When I take visitors out to see the animals, I always worry that they will glamorize my lifestyle. I thought I would share some of the routine chores that I face here at the ranch. First of all, there is the feed bill. That whole truckload is for my ranch and will only feed my animals for three weeks. Those who have pasture really do not want to know how much it costs. I break even on my feed bill and most of the other expenses that are involved in raising the animals, but shelter and equipment will eat up any profit I have at the moment.Here you see me giving the llamas and alpacas a treat. Most people think that I spend the entire day out petting animals and enjoying their company. I wish it were true, but washing, dyeing, carding, and spinning take up the bulk of my time. Feeding the animals takes 30 minutes in the morning and 30 more minutes in the evening.
Sitting to hold an animal is unusual. I was posing for my sister, Shirley, to take a picture. This is Ruby, for those who have been following her development (daughter of the Witch.) She is the smallest kid and still super friendly. Gorgeous hair.
I was struck by how many times I change my shoes throughout the day, when I saw this picture that Shirley took. You don't want to wear sandals out with the animals because you could get stepped on. I have one pair of exercise shoes and one pair of "going off" shoes that never go into the animal area. Sooner or later I have to run out there with them on and they get relegated to "goat shoes." I go through a lot of shoes!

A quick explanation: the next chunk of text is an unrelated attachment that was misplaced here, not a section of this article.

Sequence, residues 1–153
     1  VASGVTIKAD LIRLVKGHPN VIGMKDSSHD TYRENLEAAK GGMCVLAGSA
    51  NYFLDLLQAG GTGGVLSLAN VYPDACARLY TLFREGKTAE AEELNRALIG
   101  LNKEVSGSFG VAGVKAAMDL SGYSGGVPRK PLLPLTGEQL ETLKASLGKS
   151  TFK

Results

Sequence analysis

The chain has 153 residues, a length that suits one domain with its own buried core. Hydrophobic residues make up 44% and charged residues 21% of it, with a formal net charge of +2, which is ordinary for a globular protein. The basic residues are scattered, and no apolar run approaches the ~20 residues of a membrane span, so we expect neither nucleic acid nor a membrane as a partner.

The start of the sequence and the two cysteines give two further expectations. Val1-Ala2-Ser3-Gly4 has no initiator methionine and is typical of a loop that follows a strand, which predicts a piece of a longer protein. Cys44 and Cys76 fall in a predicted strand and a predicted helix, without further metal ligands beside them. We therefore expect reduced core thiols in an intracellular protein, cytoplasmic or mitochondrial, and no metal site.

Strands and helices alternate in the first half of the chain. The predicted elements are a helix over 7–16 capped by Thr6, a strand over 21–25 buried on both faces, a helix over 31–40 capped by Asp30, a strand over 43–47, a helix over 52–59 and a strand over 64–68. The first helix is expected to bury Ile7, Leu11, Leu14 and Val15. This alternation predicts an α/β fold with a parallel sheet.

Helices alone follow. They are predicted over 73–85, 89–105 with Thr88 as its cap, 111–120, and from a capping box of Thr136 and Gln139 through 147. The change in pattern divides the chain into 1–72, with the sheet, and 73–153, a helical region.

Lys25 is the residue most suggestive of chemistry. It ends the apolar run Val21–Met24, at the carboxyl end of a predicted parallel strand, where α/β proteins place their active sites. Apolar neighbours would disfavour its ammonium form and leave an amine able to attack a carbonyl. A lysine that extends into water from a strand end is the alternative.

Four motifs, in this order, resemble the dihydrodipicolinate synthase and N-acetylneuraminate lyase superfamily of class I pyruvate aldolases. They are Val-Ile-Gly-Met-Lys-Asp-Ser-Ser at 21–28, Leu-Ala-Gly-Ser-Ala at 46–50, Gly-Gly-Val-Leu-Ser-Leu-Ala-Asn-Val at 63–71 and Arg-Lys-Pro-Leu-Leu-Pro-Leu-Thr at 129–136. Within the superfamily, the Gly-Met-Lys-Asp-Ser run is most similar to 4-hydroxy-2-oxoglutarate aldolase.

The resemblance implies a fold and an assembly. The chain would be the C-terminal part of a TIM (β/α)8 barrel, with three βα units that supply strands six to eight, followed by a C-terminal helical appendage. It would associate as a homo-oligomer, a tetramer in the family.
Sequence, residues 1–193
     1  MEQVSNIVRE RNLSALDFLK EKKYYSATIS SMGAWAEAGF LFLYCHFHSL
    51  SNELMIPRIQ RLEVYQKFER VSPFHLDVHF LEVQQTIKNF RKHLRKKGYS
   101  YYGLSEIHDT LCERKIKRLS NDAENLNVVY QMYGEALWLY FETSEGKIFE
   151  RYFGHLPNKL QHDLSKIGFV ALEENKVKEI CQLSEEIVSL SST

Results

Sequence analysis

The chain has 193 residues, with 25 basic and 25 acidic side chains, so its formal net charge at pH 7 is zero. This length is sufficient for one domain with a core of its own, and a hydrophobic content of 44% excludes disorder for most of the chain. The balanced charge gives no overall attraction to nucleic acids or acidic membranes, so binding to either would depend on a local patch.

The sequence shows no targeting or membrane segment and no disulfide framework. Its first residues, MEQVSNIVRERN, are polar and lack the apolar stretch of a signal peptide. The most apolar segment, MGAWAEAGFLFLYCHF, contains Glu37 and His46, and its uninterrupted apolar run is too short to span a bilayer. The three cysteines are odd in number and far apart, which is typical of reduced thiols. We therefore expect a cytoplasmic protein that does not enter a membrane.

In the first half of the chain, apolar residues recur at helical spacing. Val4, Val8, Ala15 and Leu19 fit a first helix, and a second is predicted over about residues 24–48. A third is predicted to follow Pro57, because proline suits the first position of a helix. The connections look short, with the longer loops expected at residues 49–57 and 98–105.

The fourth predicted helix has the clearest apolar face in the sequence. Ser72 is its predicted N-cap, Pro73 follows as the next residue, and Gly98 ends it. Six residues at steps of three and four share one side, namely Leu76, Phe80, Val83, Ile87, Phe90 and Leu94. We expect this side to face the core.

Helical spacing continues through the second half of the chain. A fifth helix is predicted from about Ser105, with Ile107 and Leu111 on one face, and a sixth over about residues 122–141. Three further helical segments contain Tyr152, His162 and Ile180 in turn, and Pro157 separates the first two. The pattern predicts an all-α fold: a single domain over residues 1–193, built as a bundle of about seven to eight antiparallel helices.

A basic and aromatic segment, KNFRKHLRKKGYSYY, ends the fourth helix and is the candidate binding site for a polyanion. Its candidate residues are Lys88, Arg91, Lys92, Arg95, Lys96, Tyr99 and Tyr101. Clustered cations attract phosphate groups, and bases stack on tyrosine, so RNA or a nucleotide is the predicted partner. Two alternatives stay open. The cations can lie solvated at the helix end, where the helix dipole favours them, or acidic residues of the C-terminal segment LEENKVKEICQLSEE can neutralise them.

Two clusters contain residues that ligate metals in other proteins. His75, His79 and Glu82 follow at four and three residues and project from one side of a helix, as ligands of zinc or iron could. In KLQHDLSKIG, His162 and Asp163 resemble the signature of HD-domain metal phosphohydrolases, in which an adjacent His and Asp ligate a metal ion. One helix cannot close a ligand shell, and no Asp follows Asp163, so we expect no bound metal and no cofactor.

The most boring and unrewarding chore on the ranch is raking. If you are planning to begin raising livestock, you have to know that what goes in, must come out. And there is always more coming out than you would imagine. I challenge you to come out and rake to see how long you hold up! Several of my friends signed on to rake in exchange for fiber and, by the end of a month, their routine visits to rake taper off and disappear. No one is going to keep at it, except yourself, so you better be willing, or don't sign on. It is a daily chore that cannot be ignored. That is why I always ask tour groups to call in advance, if they want to see the animals. Depending on what is happening around the ranch, I might not get the whole area done. Then I take incidental visitors to the tree that the goats hang out under and no farther. As the animals are placed into pens for breeding, the raking shifts from the common area to the pens. Better for visitors to visit then, but the pens still have to be raked!
Are you still wearing the rose colored glasses? Come out and visit!